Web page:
Government's masses of paperwork delays booze ban case
Vinpro's challenge against Covid-19 lockdown liquor ban postponed until August
The legal challenge by wine producer body Vinpro against the government, whereby the body is contesting specific aspects of decision-making in respect of liquor bans, has been postponed until August.
Vinpro wants the court to make an order that the Western Cape should have the power to make alcohol legislation during the state of disaster.
The matter was set to be heard in the Western Cape High Court on Wednesday and Thursday before a full bench of judges.
However, the matter could not proceed due to the late filing of a number of answering affidavits by national government.
Vinpro said in addition to the late filing of the affidavits, the government was seeking to incorporate more than 1,000 pages of materials from another court case — the challenge brought by SA Breweries against the ban — into the Vinpro matter, which could not be dealt with in the limited time available.
“We are extremely disappointed by the postponement of this court case, but the late filing and incorporation of additional affidavits that are not related to the main thrust of Vinpro’s challenge, effectively forced the postponement,” Vinpro MD Rico Basson said.
He said new available dates for the legal teams and judges allocated to the matter had to be found.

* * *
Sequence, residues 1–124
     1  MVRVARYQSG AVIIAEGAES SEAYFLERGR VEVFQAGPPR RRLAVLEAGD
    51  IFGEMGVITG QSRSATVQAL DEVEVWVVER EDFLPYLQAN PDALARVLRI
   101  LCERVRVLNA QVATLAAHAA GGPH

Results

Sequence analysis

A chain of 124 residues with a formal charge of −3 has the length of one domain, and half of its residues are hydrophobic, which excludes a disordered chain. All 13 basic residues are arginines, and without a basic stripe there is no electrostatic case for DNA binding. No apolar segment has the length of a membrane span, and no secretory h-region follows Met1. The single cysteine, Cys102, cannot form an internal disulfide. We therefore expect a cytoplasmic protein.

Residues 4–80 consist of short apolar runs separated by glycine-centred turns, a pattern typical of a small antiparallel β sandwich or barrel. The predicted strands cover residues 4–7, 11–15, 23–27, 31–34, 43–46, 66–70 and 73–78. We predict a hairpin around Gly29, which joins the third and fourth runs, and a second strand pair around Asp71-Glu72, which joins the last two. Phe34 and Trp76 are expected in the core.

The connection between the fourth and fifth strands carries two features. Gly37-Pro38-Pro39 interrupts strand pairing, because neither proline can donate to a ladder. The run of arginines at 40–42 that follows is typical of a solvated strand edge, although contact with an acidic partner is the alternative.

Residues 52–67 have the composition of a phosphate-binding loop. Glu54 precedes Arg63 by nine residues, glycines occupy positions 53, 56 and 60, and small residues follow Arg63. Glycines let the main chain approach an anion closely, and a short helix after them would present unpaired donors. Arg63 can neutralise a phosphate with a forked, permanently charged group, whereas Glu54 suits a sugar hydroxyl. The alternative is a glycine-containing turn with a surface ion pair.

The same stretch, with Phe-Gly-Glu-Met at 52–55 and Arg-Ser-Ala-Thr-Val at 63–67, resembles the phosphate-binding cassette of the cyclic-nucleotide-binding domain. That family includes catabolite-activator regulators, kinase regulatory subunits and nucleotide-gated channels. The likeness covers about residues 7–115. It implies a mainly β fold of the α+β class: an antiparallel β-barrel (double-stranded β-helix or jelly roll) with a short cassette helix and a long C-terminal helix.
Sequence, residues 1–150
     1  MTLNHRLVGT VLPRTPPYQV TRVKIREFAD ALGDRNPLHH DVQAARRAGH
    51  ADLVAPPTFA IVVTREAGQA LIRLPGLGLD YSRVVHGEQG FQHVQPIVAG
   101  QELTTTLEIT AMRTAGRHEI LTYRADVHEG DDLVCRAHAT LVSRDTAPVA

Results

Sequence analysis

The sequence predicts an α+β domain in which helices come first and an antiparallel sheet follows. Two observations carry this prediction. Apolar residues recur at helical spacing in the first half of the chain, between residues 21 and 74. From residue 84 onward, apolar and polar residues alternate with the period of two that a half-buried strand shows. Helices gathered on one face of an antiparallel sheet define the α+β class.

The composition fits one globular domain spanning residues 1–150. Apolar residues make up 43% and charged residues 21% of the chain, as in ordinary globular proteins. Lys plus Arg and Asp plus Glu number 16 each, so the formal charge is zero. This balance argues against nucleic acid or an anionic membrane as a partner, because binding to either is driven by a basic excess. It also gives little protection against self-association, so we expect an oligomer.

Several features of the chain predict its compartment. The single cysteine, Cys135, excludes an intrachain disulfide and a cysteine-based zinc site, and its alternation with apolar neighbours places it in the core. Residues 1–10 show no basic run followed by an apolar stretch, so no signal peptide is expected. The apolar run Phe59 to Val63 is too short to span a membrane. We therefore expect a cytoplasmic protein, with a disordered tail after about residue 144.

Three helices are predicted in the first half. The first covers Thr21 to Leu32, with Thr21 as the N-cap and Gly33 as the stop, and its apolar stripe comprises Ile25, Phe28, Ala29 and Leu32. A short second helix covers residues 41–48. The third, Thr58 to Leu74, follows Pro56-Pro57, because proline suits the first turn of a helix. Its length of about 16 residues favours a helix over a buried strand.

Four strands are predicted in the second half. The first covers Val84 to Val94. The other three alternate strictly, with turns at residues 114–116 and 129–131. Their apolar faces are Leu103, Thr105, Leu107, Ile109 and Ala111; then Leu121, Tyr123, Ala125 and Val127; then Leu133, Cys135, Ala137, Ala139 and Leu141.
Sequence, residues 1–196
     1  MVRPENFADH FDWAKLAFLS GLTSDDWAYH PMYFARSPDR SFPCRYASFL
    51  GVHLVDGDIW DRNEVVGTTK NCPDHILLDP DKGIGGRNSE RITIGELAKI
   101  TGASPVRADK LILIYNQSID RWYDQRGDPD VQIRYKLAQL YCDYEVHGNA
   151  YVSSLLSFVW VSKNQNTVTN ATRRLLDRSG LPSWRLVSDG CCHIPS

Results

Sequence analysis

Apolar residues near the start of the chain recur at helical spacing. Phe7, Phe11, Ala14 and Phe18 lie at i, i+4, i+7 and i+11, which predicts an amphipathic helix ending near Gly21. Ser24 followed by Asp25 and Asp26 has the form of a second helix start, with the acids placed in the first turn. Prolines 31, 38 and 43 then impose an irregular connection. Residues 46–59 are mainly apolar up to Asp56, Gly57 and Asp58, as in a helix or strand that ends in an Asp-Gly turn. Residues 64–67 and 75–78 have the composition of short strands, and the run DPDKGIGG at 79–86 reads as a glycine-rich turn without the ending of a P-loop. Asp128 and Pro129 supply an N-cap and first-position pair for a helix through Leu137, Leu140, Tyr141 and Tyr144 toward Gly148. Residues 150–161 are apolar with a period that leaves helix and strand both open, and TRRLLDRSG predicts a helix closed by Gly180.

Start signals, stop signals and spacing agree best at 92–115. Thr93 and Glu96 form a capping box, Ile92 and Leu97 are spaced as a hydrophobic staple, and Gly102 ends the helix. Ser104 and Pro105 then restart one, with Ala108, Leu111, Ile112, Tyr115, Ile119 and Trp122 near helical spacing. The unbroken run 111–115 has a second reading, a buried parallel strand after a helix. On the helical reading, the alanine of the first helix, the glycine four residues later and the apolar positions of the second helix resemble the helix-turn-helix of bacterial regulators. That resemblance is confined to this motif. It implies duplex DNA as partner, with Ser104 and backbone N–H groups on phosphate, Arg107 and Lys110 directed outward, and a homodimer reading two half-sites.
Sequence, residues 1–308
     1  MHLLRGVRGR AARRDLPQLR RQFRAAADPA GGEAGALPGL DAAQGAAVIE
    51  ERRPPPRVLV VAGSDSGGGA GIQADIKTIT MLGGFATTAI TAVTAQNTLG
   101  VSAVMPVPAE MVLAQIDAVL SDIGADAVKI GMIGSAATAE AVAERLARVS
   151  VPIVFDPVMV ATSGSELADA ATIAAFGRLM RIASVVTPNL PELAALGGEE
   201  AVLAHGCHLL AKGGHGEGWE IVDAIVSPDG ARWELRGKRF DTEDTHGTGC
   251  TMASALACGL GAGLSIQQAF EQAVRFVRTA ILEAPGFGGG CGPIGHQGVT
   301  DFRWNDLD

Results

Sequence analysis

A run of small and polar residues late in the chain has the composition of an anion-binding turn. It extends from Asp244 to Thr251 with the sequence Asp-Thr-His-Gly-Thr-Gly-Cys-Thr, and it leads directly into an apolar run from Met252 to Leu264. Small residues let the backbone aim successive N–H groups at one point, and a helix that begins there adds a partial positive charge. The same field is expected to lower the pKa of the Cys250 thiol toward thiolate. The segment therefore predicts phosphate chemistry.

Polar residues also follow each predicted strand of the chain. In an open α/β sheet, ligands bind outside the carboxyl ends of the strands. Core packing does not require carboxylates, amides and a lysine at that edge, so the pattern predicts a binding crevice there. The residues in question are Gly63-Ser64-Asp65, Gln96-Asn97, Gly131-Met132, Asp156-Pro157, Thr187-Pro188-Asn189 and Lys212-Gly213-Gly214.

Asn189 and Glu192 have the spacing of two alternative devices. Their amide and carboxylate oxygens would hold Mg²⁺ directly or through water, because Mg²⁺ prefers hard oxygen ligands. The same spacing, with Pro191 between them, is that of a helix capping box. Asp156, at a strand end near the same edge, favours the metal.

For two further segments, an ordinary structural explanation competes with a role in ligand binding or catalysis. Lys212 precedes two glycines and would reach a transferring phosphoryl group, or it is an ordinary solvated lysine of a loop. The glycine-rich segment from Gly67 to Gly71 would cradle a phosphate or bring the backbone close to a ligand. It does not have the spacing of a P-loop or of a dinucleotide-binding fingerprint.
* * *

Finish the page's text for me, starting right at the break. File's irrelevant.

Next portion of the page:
Basson said national government was also represented by three teams of advocates and an earlier date suitable to all of the advocates could not be found.
“Vinpro has objected from the outset against the large contingent of advocates representing national government,” Basson said.
He said Vinpro would continue with its court case, challenging among other things that the wrong level of government (national) has been dealing with decision-making regarding the retail sale of liquor during the national state of disaster.
He said Vinpro is expected to argue that the implementation of nationwide bans by national government were overly broad, unnecessary, unjustified and counterproductive.
“National government is arguing, in particular, that it cannot exempt the Western Cape or other provinces from future liquor bans, even if there is more than enough hospital capacity, because it does not have the resources to put up roadblocks to prevent liquor from being exported to other provinces,” said Basson.
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